This morning, Snap Inc. went public with a market valuation of around $33 billion. To put this ridiculous amount of money into laymen terms, that's the ability to buy 33 billion items off the dollar menu. Even crazier, it's the same valuation given to Marriott and Target, two companies much more established than Snap Inc. How this valuation came to be is a lesson in how to sell a ketchup popsicle to a lady in white gloves who’s diabetic. Goldman Sach’s and Morgan Stanley orchestrated the deal and will most certainly walk away with a few more beach houses in the Hamptons.

But what’s amazing, when you look at the company’s user metrics and financials, everything points to a company on the decline. Which means, this is the best time to IPO and sell shares. Snap’s IPO is nothing more than a cash cow that’s been slowly prepared for slaughter over the last three years. Today it got slaughtered, and sure enough, the farmer(s) made tons of money.

In 2016, Snapchat lost $515 million even though it increased revenue by almost sevenfold. Take that in for a minute: it still lost money even though it increased revenue 700 percent! But maybe it has an unbelievable amount of user growth which would certainly justify future growth and a valuation of such a high number. But that’s not the case. In the last quarter of 2016, Snapchat saw user growth slow by 50 percent from 36 million new users down to 15 million new users. Even more bothersome, an analysis of Apple’s app store by financial site ValuePenguin found that the number of people downloading Instagram’s app has been accelerating during the past six months, suggesting a gradual shift away from the Snapchat app.

Let’s recap: Snapchat is losing money, losing users and losing downloads. It’s “proprietary” app features are easily adaptive by Facebook’s Instagram and WhatsApp, which are both seeing faster growth and most advertisers on Snap’s platform have yet to sign contracts. Yet the company is valued at a dizzying $20 billion dollars. So who benefits from this?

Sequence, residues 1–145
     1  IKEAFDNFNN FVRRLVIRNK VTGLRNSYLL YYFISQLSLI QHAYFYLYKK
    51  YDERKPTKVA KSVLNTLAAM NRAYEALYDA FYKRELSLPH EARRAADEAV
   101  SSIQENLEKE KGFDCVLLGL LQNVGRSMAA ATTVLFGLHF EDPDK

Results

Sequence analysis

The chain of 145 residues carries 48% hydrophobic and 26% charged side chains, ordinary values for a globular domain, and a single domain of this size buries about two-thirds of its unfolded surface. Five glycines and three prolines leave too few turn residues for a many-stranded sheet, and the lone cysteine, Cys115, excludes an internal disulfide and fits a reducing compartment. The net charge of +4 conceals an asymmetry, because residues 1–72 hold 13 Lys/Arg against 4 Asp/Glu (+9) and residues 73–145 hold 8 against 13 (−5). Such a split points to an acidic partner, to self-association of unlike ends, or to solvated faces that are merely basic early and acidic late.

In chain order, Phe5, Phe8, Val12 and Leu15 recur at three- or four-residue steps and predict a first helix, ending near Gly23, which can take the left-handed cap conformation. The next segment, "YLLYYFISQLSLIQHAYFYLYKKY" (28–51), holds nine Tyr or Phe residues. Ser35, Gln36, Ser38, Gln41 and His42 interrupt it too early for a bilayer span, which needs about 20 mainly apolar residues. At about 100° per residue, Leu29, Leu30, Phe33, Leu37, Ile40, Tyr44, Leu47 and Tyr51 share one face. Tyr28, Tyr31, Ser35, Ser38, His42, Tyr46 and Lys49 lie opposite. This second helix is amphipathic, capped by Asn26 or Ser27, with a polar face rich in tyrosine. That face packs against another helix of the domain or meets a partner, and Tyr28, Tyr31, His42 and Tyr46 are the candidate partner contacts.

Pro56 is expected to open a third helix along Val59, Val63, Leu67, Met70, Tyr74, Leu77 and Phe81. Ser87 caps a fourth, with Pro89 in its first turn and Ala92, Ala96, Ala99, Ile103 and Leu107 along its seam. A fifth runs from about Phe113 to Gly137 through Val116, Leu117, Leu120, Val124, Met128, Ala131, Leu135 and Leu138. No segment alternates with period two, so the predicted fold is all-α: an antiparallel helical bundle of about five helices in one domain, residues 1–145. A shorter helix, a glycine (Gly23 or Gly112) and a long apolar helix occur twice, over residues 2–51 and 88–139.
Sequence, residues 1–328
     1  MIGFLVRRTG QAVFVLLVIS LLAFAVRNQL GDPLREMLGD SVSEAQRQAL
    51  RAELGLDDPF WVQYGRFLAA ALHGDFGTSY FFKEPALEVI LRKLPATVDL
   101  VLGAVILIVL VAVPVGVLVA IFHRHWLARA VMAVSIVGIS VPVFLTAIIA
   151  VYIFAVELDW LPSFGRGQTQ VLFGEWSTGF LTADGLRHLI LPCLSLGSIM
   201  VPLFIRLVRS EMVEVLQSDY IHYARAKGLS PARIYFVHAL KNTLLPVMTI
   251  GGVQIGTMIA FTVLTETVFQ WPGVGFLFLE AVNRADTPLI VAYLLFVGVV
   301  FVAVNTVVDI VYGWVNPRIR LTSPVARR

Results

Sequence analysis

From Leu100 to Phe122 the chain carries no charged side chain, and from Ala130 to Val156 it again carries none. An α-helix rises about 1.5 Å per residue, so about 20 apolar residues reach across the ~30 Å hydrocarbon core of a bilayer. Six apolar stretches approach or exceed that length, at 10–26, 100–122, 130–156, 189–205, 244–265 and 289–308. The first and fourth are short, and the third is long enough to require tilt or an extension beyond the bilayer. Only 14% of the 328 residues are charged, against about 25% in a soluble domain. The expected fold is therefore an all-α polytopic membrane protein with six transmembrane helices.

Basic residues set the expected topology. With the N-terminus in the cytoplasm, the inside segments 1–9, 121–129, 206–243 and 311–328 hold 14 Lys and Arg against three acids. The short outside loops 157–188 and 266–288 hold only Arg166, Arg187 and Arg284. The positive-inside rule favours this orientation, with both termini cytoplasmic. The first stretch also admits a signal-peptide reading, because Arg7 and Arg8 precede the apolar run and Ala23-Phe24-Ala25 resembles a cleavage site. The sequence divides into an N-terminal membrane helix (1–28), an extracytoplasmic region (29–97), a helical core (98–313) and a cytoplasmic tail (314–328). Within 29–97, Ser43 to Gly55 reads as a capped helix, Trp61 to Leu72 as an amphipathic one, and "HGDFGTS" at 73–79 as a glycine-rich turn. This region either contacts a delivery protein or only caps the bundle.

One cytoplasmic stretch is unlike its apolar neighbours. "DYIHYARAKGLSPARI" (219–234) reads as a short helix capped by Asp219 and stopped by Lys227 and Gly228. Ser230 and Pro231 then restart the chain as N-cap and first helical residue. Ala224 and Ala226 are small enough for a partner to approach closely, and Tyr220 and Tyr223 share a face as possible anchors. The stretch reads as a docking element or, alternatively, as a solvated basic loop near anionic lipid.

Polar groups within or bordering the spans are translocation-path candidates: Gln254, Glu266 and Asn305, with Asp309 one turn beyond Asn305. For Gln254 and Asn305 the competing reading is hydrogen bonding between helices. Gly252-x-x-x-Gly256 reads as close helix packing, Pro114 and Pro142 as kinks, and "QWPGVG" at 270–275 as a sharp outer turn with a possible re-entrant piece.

According to, the founders of the company and early investors stand to make nearly $1 billion from this deal by selling their shares. Co-founders Evan Spiegel and Bobby Murphy will bring in about $272 million each for selling their shares. Early investor firms, Benchmark Capital Partners and Lightspeed Venture Partners will bring in $181 million and $78.8 million respectively.

How does a company that’s losing money and popularity turn around and produce a billion-dollar nest egg for all of the early investors and the founders? Simple, Wall Street’s lost its path. What was once a market for raising funds for businesses to grow and prosper, Wall Street is now a pit of greedy bastards trying to find the next big arbitrage opportunity whether it be sub-prime loan garbage or a company high on everyone’s radar yet destined for mediocrity. Companies are going public not because they’re much but because they’re popular. Entrepreneurs have forgotten what it means to be a customer-centric business and why they got into business in the first place. Investors are running the show and once they make their money, they disappear faster than a Snapchat photo.